Phil guides Adeline into a section of deep, staggered ruts, and I smile because I know what’s coming. Soon, a rear wheel lifts off the ground, and the SUV starts to tip. We feel weightless for a beat, the Velar balancing on two diagonal wheels. “Ease off the brake,” Phil says. Adeline’s eyes go wide, and she lets out a childlike yelp as a front wheel gently arrives back on the ground. That’s what I wanted her to experience: the thrill of being just a little outside her comfort zone in a vehicle. Still safe, still under control, but driving recreationally for the first time, developing a new skill, and experiencing what a vehicle can do beyond the school drop-off line.
At the end of the course, Phil swaps seats with Adeline and drives us back into the parking lot. We step out to inspect the vehicle. “Now that’s the sign of good off-roading — a clean car and dirty tires!” Phil says with a smile. He’s right: no dents, no scratches, only tires caked in thick, English mud.
“That was so awesome!” Adeline beams. She stands back, takes in the Range Rover she’s just captained, and asks me to snap her photo. Then she thanks Phil with a firm handshake and good eye contact (clearly a testament to exemplary parenting) and heads straight into the lounge area, where the lovely staff offers her another cup of Earl Grey tea. “Can I get a shirt?” she asks, running over to the merchandise display. I nod, grateful she didn’t ask for a Range Rover.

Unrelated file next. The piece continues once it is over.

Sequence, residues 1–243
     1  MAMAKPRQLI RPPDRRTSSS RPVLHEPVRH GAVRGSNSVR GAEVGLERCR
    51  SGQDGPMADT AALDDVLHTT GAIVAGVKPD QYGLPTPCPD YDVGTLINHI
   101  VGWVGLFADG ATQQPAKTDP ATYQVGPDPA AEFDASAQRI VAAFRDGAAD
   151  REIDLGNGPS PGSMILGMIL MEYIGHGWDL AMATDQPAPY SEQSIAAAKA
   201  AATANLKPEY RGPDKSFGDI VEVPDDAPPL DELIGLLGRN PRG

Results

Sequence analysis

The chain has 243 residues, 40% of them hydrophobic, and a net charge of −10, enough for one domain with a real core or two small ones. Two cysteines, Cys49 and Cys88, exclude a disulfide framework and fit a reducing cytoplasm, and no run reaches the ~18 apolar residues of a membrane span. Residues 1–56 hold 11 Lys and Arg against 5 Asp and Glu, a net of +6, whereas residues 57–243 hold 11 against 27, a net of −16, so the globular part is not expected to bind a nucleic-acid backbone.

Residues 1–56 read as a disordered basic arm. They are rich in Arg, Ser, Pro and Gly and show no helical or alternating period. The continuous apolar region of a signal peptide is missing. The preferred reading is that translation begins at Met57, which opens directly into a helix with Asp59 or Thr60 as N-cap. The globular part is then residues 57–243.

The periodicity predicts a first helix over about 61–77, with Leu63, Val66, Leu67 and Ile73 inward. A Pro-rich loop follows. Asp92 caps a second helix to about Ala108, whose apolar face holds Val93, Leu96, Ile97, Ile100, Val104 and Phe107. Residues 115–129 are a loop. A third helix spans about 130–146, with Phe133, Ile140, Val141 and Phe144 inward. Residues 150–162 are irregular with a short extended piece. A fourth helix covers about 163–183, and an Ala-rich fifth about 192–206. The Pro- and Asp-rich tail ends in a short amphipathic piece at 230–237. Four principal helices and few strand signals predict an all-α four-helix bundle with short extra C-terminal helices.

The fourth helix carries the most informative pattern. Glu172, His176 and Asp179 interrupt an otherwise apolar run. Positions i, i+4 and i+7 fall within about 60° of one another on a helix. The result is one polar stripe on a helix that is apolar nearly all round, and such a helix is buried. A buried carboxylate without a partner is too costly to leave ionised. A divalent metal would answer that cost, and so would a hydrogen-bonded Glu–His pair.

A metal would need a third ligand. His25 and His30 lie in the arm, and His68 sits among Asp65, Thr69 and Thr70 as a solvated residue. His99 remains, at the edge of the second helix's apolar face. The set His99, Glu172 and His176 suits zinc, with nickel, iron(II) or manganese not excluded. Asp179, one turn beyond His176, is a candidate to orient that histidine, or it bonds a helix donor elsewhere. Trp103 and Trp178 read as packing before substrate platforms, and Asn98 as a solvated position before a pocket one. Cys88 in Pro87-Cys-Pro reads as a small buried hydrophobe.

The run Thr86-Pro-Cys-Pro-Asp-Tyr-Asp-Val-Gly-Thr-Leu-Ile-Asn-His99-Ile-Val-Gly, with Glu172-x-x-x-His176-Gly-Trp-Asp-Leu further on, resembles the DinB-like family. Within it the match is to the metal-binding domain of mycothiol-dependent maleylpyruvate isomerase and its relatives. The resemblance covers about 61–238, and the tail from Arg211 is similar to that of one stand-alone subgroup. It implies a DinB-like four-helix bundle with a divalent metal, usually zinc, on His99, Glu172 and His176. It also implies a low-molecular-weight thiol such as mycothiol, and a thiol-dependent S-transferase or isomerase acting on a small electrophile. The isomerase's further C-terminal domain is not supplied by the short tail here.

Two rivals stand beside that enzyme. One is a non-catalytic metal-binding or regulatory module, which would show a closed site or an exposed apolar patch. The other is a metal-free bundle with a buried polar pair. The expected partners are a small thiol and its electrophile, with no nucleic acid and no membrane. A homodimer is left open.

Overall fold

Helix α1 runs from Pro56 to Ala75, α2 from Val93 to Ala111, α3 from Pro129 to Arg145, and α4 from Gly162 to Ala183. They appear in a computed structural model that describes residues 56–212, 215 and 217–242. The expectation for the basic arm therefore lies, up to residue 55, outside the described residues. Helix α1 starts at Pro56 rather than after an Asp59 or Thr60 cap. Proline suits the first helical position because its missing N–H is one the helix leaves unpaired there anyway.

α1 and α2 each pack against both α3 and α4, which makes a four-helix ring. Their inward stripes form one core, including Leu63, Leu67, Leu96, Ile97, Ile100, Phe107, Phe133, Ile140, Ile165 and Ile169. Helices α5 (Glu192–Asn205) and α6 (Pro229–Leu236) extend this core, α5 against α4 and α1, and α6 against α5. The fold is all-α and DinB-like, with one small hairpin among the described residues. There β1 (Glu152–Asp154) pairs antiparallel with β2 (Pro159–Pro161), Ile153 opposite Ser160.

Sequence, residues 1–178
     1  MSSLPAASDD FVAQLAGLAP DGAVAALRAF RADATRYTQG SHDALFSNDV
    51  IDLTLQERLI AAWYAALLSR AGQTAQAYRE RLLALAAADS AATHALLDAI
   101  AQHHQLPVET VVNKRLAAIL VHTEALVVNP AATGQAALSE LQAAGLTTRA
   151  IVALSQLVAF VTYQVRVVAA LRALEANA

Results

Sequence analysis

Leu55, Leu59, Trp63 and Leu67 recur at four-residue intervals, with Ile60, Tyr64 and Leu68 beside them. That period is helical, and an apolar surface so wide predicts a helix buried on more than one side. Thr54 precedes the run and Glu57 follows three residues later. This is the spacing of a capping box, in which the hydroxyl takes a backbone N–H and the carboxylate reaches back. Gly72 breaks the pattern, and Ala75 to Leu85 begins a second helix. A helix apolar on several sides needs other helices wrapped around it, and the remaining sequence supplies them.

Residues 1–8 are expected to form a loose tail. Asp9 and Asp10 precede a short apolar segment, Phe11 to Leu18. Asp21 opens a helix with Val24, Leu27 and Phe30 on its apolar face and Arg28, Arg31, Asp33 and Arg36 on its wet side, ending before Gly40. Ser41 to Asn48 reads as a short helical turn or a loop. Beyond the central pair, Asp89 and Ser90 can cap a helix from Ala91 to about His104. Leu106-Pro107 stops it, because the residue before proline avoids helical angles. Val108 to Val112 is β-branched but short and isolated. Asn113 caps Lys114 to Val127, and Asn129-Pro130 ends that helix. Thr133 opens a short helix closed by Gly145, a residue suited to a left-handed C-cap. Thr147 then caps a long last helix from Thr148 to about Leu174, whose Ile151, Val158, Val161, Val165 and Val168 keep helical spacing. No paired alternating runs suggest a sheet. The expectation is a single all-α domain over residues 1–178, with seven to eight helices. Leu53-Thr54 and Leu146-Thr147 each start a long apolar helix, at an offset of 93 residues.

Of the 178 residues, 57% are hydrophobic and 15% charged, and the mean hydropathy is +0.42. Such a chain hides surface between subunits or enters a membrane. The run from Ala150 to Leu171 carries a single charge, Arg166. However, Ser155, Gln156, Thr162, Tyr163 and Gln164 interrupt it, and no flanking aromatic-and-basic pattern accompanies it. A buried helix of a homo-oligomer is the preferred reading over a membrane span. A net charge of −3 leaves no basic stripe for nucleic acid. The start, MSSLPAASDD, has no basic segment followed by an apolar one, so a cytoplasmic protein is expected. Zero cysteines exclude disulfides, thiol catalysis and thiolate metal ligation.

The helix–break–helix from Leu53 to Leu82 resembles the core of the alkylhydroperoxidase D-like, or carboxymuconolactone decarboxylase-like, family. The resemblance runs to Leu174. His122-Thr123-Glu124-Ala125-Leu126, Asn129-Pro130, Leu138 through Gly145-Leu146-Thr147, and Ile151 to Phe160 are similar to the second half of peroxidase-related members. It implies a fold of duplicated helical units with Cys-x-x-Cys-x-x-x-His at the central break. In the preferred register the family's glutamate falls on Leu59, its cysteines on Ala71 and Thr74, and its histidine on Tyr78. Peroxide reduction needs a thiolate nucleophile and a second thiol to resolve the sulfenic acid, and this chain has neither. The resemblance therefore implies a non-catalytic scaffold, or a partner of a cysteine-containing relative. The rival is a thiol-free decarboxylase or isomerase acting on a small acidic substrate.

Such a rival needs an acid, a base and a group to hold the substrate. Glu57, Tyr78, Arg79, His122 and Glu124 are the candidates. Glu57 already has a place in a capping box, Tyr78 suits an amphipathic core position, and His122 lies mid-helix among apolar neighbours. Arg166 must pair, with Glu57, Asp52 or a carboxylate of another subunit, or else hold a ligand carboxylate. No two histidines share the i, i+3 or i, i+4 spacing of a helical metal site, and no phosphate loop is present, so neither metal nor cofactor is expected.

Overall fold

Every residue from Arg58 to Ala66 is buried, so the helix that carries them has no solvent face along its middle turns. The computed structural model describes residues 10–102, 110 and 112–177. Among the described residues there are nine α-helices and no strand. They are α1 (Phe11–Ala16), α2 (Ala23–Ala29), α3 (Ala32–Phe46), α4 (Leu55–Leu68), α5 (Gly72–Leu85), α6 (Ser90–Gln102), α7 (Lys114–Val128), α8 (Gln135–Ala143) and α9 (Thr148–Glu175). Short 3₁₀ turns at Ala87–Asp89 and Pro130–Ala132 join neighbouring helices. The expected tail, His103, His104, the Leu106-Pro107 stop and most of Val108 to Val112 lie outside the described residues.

John Chuldenko is a writer, director, and automotive journalist based in Los Angeles. He’s drawn to the magic of the road trip and the people, experiences, and emotions surrounding driving. John has been featured on NPR, and his work appears in Panorama, The Motoring Journal, Christophorus, and Craft&Tailored.
Ryan Johnson is an illustrator based in Brooklyn, NY and he works mostly from his home studio. His illustrations have been called eccentric, inventive, vibrant and exaggerated.